“Human beings simply aren't built to function at the cruising altitudes of a seven-forty-seven.”
Based on the true events that took place in Mount Everest on May 1996 during a climbing expedition to reach the summit of the mountain, this disaster movie directed by Baltasar Kormakur stands out for its fantastic and impressive visuals. However what it has in its visual department, it lacks in character development. The only strong character here is Jason Clarke’s Rob Hall who is the heart and soul of a story that is a bit overpopulated with characters who don’t get enough screen time for us to really identify with them. The narrative could’ve worked better with fewer characters, but the magnificent mountain does end up taking center stage and the visual style makes up for all its flaws. Some patience is required as we are introduced to each character at the beginning of the film, but once the preparation for the climbing begins its hard not to fall in love with all the beauty surrounding them and the passion these climbers had for reaching the summit. Kormakur does manage to establish the harsh conditions these men would have to endure to reach the top while they acclimatize to the region, which makes the approaching menacing storm during the second half of the film even more dreadful. Including so many characters and trying to remain true as possible to the real life events may have hurt the narrative arc of the film, but the scenery more than makes up for it.
By 1996 the climbing expeditions to reach the peak of Mount Everest had become a sought out tourist attraction. The nearly impossible task wasn’t only achieved by professional climbers, but now amateurs could achieve their dream by paying for the service of well trained expedition companies that facilitated the acclimatizing process. One company is being led by experienced climber, Rob Hall (Jason Clarke) who is preparing his new crew for the upcoming adventure. He leaves his pregnant wife, Jan (Keira Knightley) at home and heads off to Nepal to meet the team. This year the clients are Doug (John Hawkes), a returning customer who hadn’t been able to reach the summit the previous year, Yasuko (Naoko Mori) who has climbed 6 of the 7 highest peaks of the planet and is hoping to complete her adventure, Beck Weathers (Josh Brolin) who is so immersed in the experience that he’s forgotten to call his wife, Peach (Robin Wright) for their anniversary, among many others. Rob is worried about the growing amount of expeditions that are heading to the summit around the same time so he asks other experienced leaders like Scott Fischer (Jake Gyllenhaal) to team up with his people. Other employees working at the mountain include Helen (Emily Watson) who is in charge of communications from the base camp and Guy Cotter (Sam Worthington) another experienced crew member who is a friend of Rob’s. As hard as they were working to give their clients a memorable experience, there was nothing they could do to anticipate the storm that was heading their way.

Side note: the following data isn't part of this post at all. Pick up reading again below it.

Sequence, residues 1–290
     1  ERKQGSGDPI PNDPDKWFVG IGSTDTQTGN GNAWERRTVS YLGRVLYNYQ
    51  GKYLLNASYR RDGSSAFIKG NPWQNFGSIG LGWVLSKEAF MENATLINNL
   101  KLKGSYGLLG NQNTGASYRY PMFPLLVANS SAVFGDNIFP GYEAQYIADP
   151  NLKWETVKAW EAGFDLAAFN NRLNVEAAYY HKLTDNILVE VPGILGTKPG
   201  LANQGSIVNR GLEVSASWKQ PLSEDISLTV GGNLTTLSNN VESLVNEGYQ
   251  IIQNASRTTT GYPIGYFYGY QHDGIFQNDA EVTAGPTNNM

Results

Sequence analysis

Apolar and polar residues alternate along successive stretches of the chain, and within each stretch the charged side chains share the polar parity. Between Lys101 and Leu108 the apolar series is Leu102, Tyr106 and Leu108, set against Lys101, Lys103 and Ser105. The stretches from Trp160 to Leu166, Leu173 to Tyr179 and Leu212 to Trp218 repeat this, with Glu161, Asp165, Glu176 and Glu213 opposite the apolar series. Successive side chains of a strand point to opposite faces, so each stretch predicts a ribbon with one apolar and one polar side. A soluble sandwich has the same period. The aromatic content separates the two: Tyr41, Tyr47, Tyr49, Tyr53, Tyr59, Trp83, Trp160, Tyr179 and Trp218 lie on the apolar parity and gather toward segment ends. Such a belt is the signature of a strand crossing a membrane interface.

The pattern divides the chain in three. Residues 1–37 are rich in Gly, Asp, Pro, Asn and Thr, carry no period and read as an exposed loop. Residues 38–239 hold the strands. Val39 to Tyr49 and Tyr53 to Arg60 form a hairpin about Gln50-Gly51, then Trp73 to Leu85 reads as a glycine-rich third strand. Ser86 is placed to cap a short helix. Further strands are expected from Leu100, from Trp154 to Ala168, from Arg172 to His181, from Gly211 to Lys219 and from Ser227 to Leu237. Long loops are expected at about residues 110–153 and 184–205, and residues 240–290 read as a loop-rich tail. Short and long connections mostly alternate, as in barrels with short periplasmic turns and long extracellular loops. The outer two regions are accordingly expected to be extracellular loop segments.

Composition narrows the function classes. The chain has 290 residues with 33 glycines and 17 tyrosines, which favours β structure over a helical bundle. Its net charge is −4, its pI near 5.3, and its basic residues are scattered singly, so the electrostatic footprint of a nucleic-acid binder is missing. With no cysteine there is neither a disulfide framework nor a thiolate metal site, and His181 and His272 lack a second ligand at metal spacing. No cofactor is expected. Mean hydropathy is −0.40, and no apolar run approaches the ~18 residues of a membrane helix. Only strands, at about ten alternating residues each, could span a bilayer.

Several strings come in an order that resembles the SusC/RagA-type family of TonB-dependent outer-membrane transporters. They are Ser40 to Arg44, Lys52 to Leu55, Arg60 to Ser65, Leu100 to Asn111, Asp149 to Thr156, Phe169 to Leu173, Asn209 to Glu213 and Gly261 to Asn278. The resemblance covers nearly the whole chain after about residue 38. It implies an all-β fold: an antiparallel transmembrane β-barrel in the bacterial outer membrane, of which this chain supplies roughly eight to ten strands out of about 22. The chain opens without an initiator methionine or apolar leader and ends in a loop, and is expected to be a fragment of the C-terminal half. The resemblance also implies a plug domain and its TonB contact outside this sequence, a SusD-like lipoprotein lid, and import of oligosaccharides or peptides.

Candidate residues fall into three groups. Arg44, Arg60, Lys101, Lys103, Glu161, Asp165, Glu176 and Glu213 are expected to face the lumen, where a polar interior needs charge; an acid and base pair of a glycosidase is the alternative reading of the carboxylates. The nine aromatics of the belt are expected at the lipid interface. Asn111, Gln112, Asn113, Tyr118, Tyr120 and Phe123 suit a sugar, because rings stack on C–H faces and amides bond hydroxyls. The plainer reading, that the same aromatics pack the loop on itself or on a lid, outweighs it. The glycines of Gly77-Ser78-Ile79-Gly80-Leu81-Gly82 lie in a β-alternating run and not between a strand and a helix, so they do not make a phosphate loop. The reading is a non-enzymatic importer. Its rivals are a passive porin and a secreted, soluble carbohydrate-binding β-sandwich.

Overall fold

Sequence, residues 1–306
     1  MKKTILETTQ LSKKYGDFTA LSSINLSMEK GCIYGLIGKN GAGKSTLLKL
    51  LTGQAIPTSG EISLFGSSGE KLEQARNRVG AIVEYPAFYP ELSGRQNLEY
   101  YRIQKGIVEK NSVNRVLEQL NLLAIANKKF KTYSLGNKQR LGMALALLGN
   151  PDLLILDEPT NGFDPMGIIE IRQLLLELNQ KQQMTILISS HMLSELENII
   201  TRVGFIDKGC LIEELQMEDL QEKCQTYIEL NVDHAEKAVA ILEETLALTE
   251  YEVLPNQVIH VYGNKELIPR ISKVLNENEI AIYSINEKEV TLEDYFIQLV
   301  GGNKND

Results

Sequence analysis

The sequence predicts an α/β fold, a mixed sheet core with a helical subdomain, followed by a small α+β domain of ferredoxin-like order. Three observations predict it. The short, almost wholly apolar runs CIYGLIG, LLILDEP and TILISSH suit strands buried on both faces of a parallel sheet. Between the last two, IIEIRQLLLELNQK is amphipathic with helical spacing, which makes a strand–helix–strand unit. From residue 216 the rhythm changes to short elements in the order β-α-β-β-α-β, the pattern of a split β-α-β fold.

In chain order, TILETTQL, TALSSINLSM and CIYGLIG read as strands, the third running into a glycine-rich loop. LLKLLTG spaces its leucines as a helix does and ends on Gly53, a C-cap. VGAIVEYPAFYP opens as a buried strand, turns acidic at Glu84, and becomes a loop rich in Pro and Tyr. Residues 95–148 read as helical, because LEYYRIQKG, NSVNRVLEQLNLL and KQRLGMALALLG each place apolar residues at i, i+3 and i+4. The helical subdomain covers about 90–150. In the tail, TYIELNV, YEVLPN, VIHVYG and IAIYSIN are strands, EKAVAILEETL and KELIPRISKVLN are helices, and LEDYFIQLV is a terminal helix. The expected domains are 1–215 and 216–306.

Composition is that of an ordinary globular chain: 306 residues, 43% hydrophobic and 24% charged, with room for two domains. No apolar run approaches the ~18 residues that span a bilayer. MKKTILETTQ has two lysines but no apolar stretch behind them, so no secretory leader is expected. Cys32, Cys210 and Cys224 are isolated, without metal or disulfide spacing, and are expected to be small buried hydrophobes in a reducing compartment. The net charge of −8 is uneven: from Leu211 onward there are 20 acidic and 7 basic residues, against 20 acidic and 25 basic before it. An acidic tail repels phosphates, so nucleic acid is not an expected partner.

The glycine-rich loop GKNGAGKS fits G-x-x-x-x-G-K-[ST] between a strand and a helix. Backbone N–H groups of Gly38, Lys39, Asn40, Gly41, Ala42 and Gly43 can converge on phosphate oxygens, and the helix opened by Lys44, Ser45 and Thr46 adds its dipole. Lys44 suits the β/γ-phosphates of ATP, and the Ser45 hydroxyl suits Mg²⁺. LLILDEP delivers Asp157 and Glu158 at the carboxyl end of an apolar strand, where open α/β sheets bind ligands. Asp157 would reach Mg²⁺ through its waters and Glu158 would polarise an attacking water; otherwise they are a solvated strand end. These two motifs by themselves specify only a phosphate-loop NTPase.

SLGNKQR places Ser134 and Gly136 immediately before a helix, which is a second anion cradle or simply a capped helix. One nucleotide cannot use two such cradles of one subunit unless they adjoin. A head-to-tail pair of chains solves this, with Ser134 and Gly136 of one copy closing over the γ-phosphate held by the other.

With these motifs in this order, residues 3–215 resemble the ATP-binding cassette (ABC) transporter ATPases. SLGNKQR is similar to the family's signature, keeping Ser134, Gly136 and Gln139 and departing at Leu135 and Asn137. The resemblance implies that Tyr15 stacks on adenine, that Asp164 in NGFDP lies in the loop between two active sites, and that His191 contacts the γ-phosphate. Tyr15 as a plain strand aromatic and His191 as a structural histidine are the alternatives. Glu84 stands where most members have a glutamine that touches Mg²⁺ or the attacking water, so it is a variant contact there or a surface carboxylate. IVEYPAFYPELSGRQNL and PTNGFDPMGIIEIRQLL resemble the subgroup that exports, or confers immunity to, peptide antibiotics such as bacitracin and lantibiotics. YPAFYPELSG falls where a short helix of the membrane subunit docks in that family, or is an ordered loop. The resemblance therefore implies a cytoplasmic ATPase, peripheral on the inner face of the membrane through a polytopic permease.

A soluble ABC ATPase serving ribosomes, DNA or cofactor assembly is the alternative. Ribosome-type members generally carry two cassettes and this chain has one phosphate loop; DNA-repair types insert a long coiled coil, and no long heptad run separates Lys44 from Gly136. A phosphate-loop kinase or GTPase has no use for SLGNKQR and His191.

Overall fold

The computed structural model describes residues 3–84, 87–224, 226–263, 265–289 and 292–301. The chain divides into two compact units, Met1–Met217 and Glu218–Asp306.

Kormakur had previously directed two very different action flicks starring Mark Wahlberg (Contraband and 2 Guns), but this is more of an epic disaster film with some tense moments of human drama. The cast is brilliant, but as I mentioned before there isn’t enough time to get to know them all. Jason Clarke is the actor who is given more depth and he is allowed to flesh his character, but the rest are simply there as recognizable names: Worthington, Gyllenhaal, Knightley, Hawkes, and Watson don’t have much moments to shine which is a shame because they are talented actors. Perhaps the only other actor we truly get to know beside Clarke is Josh Brolin who gets some more screen time as well. But despite all the big names, the truly breathtaking character here is the Mountain which imposes an immense threat for everyone, even for the professionals who think they are part of it. I was a bit underwhelmed with the movie because I wanted to care more for these characters, but I did enjoy the breathtaking visuals and the marvelous landscape.